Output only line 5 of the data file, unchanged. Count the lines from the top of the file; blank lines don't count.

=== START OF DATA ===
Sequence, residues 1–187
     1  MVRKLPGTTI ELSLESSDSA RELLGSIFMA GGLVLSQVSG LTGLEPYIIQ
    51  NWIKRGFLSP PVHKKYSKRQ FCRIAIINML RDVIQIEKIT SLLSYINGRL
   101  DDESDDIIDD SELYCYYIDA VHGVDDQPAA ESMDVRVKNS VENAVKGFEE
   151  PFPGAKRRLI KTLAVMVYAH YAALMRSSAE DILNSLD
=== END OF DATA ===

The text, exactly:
   151  PFPGAKRRLI KTLAVMVYAH YAALMRSSAE DILNSLD